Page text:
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New research from Pediatrics suggests that nativity and country of education are predictors of breastfeeding and should be assessed in postpartum settings to encourage breastfeeding support.
New research from Pediatrics suggests that nativity and country of education are predictors of breastfeeding and should be assessed in postpartum settings to encourage breastfeeding support. The study focused on the breastfeeding practices of Mexican-origin women residing in Texas.
For the prospective cohort study, the authors included 1235 Mexican-origin women aged 18 to 44 who were born and educated either in Texas or Mexico and who were postpartum. Participants were recruited from eight hospitals across six Texas cities between April 2014 and April 2016. To capture a woman’s breastfeeding practices, the authors collected measures of breastfeeding initiation, intended duration, and supplementation (formulas and solids were measured separately) at various stages of the postpartum period (delivery, 3, 6, 12, and 18 months postpartum). Participants were divided into three groups: born and educated in Mexico (MX-MX), born and educated in the United States (US-US), and born in Mexico and educated in the United States (MX-US).
Of the 1235 participants, 47% were US-US, 20% were MX-US, and 33% were MX-MX. Nearly half of them were aged 18 to 24 at delivery and the majority of participants were either married or cohabiting. Eighty-six percent of the participants initiated breastfeeding in the hospital (79% of US-US women vs 91% of MX-US women vs 94% of MX-MX women. Of the women who initiated breastfeeding, 85% intended to breastfeed for ≥ 6 months and 41% intended to breastfeed for ≥ 1 year. The authors noted that intent did not vary by nativity and country of education. However, there was variance in continuation of breastfeeding by nativity and country of education.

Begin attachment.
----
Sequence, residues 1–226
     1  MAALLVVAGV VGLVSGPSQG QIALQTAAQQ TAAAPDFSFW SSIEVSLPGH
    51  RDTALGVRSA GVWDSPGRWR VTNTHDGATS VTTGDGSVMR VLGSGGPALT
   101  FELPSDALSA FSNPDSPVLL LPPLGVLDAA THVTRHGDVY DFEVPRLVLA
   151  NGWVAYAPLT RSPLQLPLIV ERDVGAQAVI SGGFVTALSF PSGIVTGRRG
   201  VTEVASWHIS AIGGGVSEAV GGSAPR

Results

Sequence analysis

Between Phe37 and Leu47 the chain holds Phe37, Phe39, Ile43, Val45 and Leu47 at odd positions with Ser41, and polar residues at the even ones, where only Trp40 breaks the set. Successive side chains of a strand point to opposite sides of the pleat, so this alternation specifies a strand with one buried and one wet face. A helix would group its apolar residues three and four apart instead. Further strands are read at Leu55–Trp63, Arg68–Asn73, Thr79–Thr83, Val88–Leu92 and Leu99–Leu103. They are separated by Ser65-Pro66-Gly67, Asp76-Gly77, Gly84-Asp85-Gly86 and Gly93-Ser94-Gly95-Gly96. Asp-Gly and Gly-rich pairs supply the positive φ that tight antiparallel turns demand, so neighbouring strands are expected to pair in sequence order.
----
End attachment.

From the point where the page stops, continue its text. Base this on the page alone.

Only 37% of the participants breast fed for at least 6 months (23% of US-US women vs 38% of MX-US women vs 52% of MX-MX women). Twenty-one percent of participants breastfed for ≥ 1 year and significantly more MX-MX women (31%) met this mark while just 13% of US-US women did. Of the women who breastfed, nearly half supplemented with formula within 1 week of delivery and 7% of women provided solids by 4 months postpartum.
The authors believe that nativity and country of education are important factors for predicting breastfeeding practices among Mexican-origin women in Texas. The authors noted the rapid turn to formula for a number of women following birth, which has a negative impact on breastfeeding duration. The authors believe their findings reinforce the importance of renewed efforts to counsel women in this patient population on the benefits of breastfeeding to reduce unnecessary use of formula and prolong breastfeeding duration.